Other comics have seen print as well, but none as popular as MKX. Goro: Prince of Pain, and Mortal Kombat: Blood and Thunder are still available on Amazon, and there are likely a few other entries out there.
There are a few novels, too, but they’re rather unexciting. One novelization of the first game introduced a number of characters that were never heard from again. A few movie novelizations also exist. Will we see more MK novels in the future? We can only hope.
15. A New Band Was Formed to Create the Soundtrack
If you think of the Mortal Kombat theme song, you probably think of a techno track in which a guy shouts “Mortal Kombat!” a few times. That track was written by The Immortals, an electronic group made up of members of Lords of Acid.
Praga Khan and Olivier Adams wrote and performed a 10-track album to go along with the game’s release on consoles. None of the music was featured in the game, but “Techno Syndrome (Mortal Kombat)” featured prominently in the movie.
The album consists of one song for each playable character, one for Goro, and two Mortal Kombat-themed tracks.
A number of other Mortal Kombat-related albums have been released, including soundtracks, scores, and another electronic album called Songs Inspired by the Warriors. I actually really dig “Mileena’s Theme” from that album:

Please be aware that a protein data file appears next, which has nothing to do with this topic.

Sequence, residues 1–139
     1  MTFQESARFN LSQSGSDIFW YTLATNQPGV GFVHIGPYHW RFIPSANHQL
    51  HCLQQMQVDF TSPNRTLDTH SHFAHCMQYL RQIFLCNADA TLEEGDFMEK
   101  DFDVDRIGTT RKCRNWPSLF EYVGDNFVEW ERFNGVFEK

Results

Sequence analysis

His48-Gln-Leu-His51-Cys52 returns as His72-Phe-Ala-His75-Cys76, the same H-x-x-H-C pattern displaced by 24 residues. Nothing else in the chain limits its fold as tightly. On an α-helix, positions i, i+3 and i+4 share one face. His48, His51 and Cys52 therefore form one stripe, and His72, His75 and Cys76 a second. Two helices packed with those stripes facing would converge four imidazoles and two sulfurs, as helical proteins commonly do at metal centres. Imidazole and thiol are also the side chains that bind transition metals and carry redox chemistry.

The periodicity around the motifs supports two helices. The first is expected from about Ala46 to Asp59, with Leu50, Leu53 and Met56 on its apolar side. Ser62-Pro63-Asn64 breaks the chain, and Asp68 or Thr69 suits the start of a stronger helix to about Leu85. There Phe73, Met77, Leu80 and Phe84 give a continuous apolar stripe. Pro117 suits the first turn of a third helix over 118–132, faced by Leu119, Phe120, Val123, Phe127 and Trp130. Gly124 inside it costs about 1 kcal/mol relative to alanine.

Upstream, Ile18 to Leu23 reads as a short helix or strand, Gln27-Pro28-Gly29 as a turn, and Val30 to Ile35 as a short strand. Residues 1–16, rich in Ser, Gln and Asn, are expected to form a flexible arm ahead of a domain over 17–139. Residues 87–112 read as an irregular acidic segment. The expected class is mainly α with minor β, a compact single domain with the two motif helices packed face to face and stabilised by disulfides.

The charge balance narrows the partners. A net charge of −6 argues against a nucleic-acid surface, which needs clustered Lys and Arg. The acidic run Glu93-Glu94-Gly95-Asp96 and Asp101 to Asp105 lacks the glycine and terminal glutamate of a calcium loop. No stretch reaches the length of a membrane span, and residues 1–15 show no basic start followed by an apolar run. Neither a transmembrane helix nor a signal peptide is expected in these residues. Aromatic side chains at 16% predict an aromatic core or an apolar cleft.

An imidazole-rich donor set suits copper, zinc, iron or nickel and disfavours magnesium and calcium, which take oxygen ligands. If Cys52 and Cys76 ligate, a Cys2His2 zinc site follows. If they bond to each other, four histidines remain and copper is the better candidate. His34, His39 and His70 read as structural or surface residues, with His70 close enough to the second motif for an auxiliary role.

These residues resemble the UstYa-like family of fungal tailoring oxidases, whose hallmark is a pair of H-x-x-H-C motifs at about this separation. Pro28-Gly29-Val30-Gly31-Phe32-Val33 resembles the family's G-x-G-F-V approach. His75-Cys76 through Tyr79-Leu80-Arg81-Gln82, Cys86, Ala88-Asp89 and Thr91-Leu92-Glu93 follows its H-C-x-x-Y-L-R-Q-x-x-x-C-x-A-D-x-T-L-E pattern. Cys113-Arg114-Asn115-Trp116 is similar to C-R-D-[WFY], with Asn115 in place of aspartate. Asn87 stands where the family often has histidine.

An Immortal Tale for the Ages
These 15 facts and stories barely scratch the surface of what Mortal Kombat is and has done. Its legacy, both in story and cultural impact, can’t be condensed into a single article.
The dozens of characters have become icons of the video game world. Fatalities have scared the wits out of parents and watchdog organizations. The lore has become an odyssey on par with some novel series. Boundaries are continually challenged by the violence.
Mortal Kombat is one of the most important titles in video game history, and there are stacks of fun trivia and interesting stories. I sincerely hope you’ve enjoyed this look at some of my favorite facts about this iconic series.
Interested in reading another in-depth look at an iconic franchise? Check out the legacy of Lara Croft from the Tomb Raider games.
What are your favorite pieces of Mortal Kombat trivia? Which of the above did you find most interesting? And, most importantly, who is your favorite MK fighter? Share your thoughts in the comments below!